# [Tutor] Question about equality of sets

Jim Byrnes jf_byrnes at comcast.net
Sat Apr 5 20:54:01 CEST 2014

```On 04/05/2014 01:15 PM, Steven D'Aprano wrote:
> On Sat, Apr 05, 2014 at 12:46:19PM -0500, Jim Byrnes wrote:
>> Ubuntu 12.04 python 3.3
>>
>> I was working through an exercise about sets. I needed to find the
>> duplicates in a list and put them in a set.  I figured the solution had
>> to do with sets not supporting duplicates.  I finally figured it out but
>> along the way I was experimenting in idle and got some results I don't
>> understand.
>>
>>>>> s = {1,2,3}
>>>>> s
>> {1, 2, 3}
>>>>> s.add(1) == s    # <1>
>> False
>> True
>>>>>
>>
>> Neither <1> or <2> changes s, so why is <1> False and <2> True ?
>
> You're making an assumption about what s.add returns. You're assuming it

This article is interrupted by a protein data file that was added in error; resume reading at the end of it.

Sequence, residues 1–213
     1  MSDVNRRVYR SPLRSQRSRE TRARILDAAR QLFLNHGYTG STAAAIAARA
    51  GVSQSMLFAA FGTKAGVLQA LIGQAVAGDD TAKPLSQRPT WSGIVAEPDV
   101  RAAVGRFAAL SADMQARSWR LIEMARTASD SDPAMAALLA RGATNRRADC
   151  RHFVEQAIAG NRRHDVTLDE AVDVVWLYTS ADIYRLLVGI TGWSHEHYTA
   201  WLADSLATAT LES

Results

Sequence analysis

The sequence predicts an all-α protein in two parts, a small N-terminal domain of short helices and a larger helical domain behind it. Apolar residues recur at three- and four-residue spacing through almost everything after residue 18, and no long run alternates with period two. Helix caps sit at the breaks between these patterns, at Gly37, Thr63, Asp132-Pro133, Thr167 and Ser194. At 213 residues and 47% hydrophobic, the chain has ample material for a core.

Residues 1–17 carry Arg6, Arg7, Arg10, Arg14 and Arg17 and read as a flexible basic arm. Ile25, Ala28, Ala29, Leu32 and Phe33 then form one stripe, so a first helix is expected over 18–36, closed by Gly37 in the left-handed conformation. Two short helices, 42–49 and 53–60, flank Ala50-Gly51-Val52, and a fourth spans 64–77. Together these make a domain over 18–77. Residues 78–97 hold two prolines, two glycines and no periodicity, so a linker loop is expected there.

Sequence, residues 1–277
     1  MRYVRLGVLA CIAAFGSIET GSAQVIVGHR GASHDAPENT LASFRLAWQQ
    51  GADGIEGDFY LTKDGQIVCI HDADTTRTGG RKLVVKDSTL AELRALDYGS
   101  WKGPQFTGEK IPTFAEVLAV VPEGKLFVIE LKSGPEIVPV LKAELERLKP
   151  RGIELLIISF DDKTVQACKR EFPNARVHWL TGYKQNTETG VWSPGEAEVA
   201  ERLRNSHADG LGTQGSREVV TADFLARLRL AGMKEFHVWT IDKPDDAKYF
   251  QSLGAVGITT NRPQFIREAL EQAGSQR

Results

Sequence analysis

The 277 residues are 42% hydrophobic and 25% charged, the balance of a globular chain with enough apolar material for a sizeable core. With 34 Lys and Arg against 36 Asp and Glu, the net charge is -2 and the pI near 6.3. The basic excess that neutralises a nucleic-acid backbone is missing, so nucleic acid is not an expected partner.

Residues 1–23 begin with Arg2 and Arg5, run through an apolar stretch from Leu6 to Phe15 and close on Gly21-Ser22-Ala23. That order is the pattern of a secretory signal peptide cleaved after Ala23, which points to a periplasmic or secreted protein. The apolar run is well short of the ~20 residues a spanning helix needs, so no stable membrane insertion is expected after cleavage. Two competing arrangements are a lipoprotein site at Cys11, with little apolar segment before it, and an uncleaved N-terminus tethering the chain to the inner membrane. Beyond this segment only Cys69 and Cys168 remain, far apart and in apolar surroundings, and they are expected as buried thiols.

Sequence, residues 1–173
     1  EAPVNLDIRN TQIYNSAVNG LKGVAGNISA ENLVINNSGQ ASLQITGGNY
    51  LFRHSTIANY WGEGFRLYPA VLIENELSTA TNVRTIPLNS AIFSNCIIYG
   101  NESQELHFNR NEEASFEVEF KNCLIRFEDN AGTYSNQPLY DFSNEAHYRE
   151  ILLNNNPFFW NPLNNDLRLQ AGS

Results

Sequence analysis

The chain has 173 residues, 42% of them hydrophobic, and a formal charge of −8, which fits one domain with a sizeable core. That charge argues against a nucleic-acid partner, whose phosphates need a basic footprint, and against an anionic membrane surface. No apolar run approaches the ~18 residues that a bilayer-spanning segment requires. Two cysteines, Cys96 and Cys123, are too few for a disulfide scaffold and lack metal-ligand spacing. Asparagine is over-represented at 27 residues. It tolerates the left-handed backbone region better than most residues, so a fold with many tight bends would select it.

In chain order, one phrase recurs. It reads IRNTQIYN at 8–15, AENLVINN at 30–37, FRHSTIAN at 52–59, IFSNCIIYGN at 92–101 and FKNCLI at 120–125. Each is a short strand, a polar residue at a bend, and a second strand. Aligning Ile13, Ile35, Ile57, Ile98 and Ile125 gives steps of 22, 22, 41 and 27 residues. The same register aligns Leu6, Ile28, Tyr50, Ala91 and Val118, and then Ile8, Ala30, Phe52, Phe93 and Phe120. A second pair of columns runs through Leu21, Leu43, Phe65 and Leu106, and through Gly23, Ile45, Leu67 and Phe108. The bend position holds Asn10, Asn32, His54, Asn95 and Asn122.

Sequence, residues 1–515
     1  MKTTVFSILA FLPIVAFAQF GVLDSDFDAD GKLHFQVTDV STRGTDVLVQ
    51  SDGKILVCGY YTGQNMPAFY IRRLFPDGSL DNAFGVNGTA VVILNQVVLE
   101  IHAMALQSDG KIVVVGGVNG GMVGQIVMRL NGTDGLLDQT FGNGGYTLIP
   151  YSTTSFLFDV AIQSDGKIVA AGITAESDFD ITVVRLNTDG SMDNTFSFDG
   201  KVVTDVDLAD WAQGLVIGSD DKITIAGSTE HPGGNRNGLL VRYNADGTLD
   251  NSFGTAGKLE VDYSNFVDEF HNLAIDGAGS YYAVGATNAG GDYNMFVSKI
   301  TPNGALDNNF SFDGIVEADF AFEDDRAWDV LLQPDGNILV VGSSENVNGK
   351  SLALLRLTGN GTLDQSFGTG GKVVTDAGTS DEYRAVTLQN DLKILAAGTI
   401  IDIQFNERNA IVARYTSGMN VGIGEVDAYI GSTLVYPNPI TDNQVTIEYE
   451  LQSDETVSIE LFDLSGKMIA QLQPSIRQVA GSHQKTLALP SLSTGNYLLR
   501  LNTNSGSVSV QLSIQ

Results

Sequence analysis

> returns a new set. It doesn't. Try this:
>
>
>
>
> and see what it prints.

Actually my assumption was worse than that.  I was thinking that because
it would not add a dup it would end up being {1,2,3} == {1,2,3}
completely forgetting that the left side would return None.

Thanks,  Jim

> set.add modifies the set in place. So calling s.add(1) tries to change
> s, it doesn't create a new set. It is standard in Python that methods
> that change the object in place normally return None:
>
> list.append
> list.sort
> list.reverse
> dict.update
>
> etc. So your examples try:
>
> None == s  # this is false
> None == None  # but this is true
>
>
>

```